After Hours: Rambling the path of history

Memorial Day was recognized for the sixth year by the Fort Hawkins Commission with a ceremony honoring the soldiers who served and died beginning in 1806 when the fort was founded by an order signed by President Thomas Jefferson.

As visitors walked the clearly marked path of the old Federal Road, Marty Willett, raconteur and official events coordinator for Fort Hawkins, talked about one of Macon’s earliest settlers, Joseph Willett, and his grandson, for whom Mercer University’s Willett Science Center is named. According to Willett, the Willett Memorial Library was named for the same grandson’s wife.

This year’s highlight was the Fort Hill Cemetery Ramble, exploring gravesites that are little known to most Maconites. Willett never needs a cheat sheet when talking about the fort and its surrounding neighborhood or the significance it holds in Macon’s history.

This year he had about 200 visitors for the ramble, some just curious about the first cemetery in the territory that would become Macon and others looking for the graves of ancestors they knew were laid to rest in this place. Unfortunately, many of the graves are unmarked or their have had headstones deteriorated, removed or destroyed during the last 200 years.

That did not deter 75-year-old Barbara Rodgers’ search for her forbears. Armed with a folder of research notes and documents, she found several relatives’ grave­sites she could verify and is determined to continue her mission to find the remaining names on her list and properly mark them for her progeny.

Willett could fill in some of the blanks for the attentive crowd. He related the story of Melissa Johnson, born into slavery in 1856 in Macon, who married a freeman, Joseph Archibald Johnson, from Washington, D.C. Johnson, who served in the Navy during the Civil War, and his wife are the great grandparents of local minister Victor Hunt, a Fort Hawkins Commission member. As Willett stated, these revelations were part of a poignant and successful Fort Hill Ramble.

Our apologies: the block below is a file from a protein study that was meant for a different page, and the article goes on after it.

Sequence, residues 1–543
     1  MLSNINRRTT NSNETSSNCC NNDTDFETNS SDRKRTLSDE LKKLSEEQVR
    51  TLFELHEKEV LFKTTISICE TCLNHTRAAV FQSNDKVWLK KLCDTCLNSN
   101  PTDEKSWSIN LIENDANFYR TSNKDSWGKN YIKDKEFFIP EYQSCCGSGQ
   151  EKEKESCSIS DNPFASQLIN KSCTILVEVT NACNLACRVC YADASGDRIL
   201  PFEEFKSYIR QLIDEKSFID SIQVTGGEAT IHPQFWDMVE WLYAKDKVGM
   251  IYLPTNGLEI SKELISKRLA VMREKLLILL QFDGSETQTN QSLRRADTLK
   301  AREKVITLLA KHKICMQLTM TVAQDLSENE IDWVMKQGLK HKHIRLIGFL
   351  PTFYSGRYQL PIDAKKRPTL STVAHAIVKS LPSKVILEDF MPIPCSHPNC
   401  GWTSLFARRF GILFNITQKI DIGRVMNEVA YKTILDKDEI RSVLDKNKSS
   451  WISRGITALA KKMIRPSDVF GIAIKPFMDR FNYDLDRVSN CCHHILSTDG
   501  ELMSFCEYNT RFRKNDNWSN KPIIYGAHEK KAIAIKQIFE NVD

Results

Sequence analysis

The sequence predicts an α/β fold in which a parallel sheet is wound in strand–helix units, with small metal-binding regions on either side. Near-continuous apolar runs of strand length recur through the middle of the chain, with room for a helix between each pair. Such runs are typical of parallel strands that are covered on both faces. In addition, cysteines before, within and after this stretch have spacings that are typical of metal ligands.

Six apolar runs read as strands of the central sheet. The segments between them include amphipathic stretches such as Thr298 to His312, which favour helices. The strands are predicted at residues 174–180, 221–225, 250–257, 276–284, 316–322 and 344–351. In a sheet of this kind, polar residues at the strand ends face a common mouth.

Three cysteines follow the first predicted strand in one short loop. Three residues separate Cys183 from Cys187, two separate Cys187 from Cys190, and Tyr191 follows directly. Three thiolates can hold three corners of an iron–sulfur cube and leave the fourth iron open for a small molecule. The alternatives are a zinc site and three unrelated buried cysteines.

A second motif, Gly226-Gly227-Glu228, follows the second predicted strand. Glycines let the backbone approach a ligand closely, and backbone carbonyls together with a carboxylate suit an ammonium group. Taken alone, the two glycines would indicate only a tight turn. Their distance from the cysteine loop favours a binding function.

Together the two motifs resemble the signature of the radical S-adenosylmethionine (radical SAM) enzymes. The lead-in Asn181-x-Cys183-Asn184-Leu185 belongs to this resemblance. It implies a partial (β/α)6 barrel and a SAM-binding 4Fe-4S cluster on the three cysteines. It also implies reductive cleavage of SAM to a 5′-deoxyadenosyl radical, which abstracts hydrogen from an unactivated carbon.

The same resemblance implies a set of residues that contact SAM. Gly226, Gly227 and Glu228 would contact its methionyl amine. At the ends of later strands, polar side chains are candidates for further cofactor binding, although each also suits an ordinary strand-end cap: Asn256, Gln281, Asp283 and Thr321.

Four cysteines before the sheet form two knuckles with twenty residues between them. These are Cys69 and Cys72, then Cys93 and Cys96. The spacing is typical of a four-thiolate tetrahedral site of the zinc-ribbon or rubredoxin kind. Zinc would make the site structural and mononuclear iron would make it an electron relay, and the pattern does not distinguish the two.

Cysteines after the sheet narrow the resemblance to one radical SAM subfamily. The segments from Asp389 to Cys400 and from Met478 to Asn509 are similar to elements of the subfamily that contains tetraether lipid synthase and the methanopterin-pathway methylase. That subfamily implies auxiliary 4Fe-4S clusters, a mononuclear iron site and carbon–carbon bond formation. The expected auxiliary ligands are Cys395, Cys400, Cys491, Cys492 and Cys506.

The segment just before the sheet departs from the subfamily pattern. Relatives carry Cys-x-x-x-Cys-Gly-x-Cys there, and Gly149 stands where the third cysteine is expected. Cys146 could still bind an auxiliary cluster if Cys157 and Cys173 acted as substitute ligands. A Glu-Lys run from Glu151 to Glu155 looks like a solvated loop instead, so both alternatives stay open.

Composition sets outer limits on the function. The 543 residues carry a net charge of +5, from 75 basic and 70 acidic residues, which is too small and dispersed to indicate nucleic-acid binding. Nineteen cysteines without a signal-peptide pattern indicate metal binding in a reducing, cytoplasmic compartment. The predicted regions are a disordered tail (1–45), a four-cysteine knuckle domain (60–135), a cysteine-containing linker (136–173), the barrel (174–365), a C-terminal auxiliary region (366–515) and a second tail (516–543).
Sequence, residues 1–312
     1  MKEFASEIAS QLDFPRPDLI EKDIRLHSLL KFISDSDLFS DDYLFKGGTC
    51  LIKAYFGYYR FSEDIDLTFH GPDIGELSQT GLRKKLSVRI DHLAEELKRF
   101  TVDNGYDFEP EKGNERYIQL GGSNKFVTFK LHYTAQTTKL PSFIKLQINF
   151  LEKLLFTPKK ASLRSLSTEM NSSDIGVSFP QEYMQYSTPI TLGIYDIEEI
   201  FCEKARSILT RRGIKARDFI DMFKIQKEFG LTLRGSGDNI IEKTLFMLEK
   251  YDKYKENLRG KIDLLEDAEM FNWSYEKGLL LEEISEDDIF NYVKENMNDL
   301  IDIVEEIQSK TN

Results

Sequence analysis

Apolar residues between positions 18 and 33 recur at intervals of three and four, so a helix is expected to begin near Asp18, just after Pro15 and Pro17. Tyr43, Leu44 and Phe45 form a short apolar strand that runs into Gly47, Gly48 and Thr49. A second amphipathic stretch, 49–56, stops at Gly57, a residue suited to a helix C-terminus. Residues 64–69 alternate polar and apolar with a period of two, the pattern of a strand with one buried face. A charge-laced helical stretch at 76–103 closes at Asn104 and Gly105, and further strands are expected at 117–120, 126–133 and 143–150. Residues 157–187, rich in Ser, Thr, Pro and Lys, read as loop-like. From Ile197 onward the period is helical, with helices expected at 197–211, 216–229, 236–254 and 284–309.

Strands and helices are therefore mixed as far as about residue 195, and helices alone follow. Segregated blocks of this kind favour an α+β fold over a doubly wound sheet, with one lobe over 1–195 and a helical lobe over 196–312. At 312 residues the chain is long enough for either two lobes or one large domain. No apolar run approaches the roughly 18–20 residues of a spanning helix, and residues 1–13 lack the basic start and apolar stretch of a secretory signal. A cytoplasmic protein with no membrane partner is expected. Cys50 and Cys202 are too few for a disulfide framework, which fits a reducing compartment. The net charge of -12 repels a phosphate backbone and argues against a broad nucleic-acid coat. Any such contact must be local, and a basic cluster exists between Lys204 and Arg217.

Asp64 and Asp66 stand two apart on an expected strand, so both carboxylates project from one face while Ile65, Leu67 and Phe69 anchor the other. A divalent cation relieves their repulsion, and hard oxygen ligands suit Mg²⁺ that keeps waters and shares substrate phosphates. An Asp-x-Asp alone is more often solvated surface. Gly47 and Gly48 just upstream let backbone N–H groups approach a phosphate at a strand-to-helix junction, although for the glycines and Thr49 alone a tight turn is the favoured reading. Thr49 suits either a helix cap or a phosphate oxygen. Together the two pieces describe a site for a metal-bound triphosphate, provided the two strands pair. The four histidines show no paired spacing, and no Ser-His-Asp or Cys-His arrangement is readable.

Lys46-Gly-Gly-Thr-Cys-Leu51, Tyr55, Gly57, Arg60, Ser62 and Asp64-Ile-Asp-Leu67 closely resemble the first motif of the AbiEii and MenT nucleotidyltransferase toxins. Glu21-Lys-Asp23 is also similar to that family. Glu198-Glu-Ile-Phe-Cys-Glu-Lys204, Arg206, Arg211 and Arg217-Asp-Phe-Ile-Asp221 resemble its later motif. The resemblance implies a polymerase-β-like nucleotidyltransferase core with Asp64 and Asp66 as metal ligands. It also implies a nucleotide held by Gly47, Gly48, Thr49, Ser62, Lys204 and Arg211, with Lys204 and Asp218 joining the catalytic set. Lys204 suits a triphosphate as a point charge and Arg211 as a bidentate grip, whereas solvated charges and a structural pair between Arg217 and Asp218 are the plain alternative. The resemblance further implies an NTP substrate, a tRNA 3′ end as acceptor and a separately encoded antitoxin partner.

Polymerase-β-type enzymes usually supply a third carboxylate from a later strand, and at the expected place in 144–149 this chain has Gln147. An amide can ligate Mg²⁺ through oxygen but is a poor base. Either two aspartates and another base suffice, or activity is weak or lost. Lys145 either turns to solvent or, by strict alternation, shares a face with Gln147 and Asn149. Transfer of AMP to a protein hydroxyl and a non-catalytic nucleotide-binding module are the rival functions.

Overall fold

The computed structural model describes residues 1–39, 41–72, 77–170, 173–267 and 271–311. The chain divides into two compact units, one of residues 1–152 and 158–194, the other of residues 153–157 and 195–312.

Norma and Don Banks chose the Memorial Park observance as the appropriate place to remember friends and relatives who served in the armed services. They were especially impressed by the comments from Curtis Jones, new Macon-Bibb County school superintendent.

Jones graduated from the U.S. Military Academy at West Point in 1977 and spent 20 years in the Army before pursuing a career in education, one which has been marked by numerous awards for leadership.

Jones honored those who made the ultimate sacrifice to protect this country and praised the leaders he credits with his positive approach to education, one reflected in his personal motto, “Leadership you can believe in.”

The fans of the “boys of summer” at Mercer had reason to rest on their laurels on Memorial Day after the Sunday shut out game against Samford for a record-making SoCon championship, propelling them to Mercer baseball’s third NCAA Regional bid in six years in the SEC Atlantic Coast Conference.

What could be better than watching Eric Nyquist pitch a 5-0 championship final game on ESPN while enjoying the fine weather at Lake Tobesofkee? From Dot Schrimshire’s vantage point, right on the water, the parks were full of holiday revelers, but the lake curiously absent of noisy watercraft, making for a serene holiday weekend.


On Tuesday, the American Legion, Joseph N. Neel Post 3, recognized those who protect and serve in real time and students who have found their niche in the military. Recent Central High School graduate Jerkeithia Moffett could have been a cheerleader, but chose to enroll in Junior ROTC where she earned the rank of cadet captain and company commander. Moffett plans to attend Clayton State University, after which she plans to serve as an officer in the Army.

Major Charles R. Abbott, Junior ROTC department head, accompanied his student to the Tuesday ceremony where he recounted her three years of dedication and professionalism in the high school environment.

Macon-Bibb County Sheriff David Davis honored one of his deputies, Wesley D. Minshew, who, on an off duty night in January, awakened a family to alert them to a fire in the attic, which could have ended with fatalities had Minshew not noticed the small rooftop blaze and called in firefighters.

Assistant Fire Chief Shane Edwards and fire investigator Ben Gleaton recognized one of their own, Steven Dewayne Wesson, who has advanced from firefighter in 2000 to his appointment as fire investigator in 2013. The ranks that work in the trenches rarely are seen in the headlines, but their work behind the scenes is inestimable in maintaining civility and safety in our city.

Katherine Walden is a freelance writer and interior designer in Macon. Contact her at 478-742-2224 or